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Saturday July 13, 2024

What happens when you dissolve an assembly?

By Ali Tahir
December 18, 2022

PTI Chairman Imran Khan has announced the dissolution of the Punjab and Khyber Pakhtunkhwa assemblies as a tactic to put pressure on the government and the powerful quarters to force a general election in the country.

A general election would mean that elections are held to both the National Assembly as well as the four provincial assemblies simultaneously as defined in Article 224 of the constitution. However, as usual, it seems that Mr Khan and his party have not thought things through – not only in political terms, but also constitutional and legal terms, which is what we look at in this piece.

When the governor dissolves an assembly under Article 105 (3) of the constitution, s/he must appoint a date, not later than ninety days from the date of dissolution, for the holding of a general election to that assembly. This means that the elections will be held to that assembly alone, and not to the others, which would continue working until their terms expire or they are dissolved sooner.

Article 224 (2) cements this position by providing that when the National Assembly or a provincial assembly is dissolved, a general election to the dissolved assembly shall be held within a period of ninety days after the dissolution, and the results of the election shall be declared not later than fourteen days after the conclusion of the polls.

Even when the governor does dissolve the provincial assembly, his/her powers are only ceremonial in nature. The dissolution of the provincial assembly in Article 112 provides that the governor must dissolve the assembly but only if advised by the chief minister. In any event if s/he does not comply with the constitutional directive, the assembly is automatically dissolved after the expiration of forty-eight hours from such advice by the chief minister.

Let us not doubt the intentions of Chief Minister Punjab Pervez Elahi, who many claim will not tender such advice, and assume for one second that both the Punjab and Khyber Pakhtunkhwa chief ministers will follow Mr Khan’s instructions and tender such advice to the governor, even then there are two further legal troubles that Mr Khan and his party will face, other than of course the fact that the rest of the assemblies will complete their tenure and Mr Khan will have to wait till expiration of the tenure of the current National Assembly before he can hope to wear the prime minister’s sherwani.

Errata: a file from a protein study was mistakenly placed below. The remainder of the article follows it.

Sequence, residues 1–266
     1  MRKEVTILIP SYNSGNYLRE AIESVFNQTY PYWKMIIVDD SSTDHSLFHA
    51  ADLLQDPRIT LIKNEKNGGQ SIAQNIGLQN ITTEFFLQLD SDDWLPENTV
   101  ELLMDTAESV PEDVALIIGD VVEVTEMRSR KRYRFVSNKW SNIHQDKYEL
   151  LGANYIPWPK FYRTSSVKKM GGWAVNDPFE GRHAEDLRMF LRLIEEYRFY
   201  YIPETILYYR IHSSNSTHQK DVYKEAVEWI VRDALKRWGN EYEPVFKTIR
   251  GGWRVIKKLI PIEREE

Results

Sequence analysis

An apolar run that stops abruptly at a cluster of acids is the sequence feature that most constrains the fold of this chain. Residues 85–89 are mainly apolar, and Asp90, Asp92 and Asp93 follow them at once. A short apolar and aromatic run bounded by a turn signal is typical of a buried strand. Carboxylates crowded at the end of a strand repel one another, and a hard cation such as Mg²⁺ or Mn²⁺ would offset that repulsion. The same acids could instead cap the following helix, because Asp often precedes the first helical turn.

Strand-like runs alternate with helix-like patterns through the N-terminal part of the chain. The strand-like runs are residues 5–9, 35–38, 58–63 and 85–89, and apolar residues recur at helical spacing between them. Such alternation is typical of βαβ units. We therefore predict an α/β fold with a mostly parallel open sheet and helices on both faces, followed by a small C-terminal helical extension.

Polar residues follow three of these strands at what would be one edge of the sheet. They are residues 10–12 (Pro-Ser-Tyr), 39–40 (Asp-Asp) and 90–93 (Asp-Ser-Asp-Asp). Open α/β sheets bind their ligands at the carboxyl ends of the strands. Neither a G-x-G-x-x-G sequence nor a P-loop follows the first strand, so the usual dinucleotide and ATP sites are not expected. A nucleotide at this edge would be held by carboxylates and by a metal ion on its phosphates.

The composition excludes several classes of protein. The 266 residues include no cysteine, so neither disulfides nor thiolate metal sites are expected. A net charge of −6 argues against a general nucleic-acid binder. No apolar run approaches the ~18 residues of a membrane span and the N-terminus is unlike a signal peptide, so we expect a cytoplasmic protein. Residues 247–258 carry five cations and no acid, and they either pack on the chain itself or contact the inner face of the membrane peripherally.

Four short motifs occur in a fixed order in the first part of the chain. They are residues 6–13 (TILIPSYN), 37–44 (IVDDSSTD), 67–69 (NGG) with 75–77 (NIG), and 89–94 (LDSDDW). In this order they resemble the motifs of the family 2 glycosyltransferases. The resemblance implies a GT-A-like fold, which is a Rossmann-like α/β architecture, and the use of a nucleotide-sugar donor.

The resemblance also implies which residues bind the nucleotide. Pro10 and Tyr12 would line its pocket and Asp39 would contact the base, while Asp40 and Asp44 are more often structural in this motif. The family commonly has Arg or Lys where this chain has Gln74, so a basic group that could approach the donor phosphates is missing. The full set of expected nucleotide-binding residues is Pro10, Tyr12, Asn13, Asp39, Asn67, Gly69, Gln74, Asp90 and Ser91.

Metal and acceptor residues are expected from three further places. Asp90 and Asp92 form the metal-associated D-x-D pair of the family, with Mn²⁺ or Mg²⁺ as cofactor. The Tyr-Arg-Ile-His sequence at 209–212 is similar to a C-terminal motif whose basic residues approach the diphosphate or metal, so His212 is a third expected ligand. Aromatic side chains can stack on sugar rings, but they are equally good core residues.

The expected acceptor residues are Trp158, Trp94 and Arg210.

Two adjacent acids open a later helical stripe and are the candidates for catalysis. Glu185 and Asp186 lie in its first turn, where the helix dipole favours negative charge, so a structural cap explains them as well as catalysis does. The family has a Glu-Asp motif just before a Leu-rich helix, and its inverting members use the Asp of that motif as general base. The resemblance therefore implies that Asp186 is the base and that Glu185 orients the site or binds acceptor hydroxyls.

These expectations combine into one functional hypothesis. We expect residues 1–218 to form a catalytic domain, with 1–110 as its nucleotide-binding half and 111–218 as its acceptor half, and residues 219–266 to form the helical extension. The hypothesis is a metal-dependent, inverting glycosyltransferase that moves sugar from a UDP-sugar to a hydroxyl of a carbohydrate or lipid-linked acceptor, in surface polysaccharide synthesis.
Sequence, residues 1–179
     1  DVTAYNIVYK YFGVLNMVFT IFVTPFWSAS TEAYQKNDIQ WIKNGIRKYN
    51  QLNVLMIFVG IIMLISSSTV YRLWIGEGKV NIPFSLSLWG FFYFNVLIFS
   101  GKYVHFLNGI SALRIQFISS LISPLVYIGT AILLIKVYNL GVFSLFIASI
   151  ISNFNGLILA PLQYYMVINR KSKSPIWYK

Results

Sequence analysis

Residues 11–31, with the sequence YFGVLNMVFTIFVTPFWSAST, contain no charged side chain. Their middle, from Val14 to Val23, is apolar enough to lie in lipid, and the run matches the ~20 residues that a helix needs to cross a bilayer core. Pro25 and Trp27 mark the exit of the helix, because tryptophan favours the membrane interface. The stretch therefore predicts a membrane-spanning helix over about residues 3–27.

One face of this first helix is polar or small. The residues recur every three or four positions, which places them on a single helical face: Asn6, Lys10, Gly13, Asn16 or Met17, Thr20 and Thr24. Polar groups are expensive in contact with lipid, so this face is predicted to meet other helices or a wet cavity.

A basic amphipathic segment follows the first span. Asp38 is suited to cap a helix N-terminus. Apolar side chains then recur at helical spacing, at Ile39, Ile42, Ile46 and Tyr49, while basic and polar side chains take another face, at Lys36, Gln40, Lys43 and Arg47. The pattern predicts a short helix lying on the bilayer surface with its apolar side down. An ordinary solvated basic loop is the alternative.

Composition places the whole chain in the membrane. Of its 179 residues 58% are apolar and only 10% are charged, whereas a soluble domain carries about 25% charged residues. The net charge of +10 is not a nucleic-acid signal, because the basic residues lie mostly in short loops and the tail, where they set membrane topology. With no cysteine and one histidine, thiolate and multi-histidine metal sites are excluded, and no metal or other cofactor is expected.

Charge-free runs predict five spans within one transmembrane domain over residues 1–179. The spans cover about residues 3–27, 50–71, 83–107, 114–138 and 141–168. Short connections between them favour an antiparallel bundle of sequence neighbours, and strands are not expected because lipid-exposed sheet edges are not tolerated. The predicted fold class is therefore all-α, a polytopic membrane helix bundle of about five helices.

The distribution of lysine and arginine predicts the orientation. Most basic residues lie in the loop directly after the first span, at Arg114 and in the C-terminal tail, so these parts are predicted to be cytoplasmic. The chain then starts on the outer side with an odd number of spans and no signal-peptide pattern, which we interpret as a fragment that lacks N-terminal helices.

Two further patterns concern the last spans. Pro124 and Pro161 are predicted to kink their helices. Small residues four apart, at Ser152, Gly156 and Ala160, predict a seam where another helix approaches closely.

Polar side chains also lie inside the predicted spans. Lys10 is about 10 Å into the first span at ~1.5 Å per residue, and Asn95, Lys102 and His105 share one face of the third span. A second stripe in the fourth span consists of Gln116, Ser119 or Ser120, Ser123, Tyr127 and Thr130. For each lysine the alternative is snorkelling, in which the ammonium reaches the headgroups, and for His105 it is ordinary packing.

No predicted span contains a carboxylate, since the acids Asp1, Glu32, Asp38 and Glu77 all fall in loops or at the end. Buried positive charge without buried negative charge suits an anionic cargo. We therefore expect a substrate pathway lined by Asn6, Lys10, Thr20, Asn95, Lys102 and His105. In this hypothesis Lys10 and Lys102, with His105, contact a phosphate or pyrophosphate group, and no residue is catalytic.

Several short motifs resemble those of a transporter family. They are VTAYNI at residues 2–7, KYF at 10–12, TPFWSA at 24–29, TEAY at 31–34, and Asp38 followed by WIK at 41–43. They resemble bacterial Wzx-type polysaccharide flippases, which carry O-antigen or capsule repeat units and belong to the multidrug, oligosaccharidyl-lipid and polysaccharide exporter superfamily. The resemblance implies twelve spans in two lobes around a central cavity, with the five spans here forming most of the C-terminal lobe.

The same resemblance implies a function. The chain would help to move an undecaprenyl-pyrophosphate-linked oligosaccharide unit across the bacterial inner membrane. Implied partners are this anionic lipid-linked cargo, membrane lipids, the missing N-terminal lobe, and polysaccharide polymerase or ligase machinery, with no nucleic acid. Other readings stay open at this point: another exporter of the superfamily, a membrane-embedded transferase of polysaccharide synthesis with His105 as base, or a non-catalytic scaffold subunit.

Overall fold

As per Article 224 (1A) on dissolution of the provincial assemblies, the governor must appoint a caretaker cabinet in consultation with the chief minister and the leader of the opposition in the outgoing provincial assembly. What this means is that the election to the two assemblies within 90 days as iterated above will be held under caretaker chief ministers, but the federal government of Prime Minister Shehbaz Sharif and his cabinet will remain intact.

One can safely assume that with its historic narrative of ‘dhandli’, this will not be a position acceptable to the PTI. Nevertheless, without considering this fact it seems Mr Khan is prepared to order the two chief ministers to dissolve the assemblies. Let’s be prepared for season two of the ‘dhandli’ narrative.

The legal infirmities in the dissolution policy do not end at having elections for the two assemblies under the current federal government but in fact extend further. The respective governors are to appoint the caretaker chief ministers (who in turn will appoint their own cabinets) in consultation with the outgoing chief ministers and the leaders of the opposition.

The government and the opposition however are currently at possibly their worst working relationship and it is a real possibility that they would not agree to consensus candidates, as is evident from our constitutional history ever since such provisions were inserted in the constitution by the 18th Amendment, twelve years ago.

The constitution provides a solution, but not one that Mr Khan or his party would like. In case the chief minister and the leader of the opposition cannot agree, their nominations must within three days of the dissolution of the assembly be forwarded to a committee to be then immediately constituted by the speaker of the provincial assembly, comprising membership on parity between the outgoing members of the assembly from government and opposition.

However, in case the committee also comes to a stalemate, the names of the nominees shall be referred to the Election Commission of Pakistan for a final decision within two days. With his constant diatribe against the Election Commission of Pakistan in general and the chief election commissioner in particular, how will Mr Khan and his party accept a caretaker chief minister appointed by the Election Commission?

It seems, once again, as with the dissolution and the subsequent mass resignations from the National Assembly, the PTI strategy is not well thought out.

The writer is a Karachi-based barrister practising constitutional and administrative law.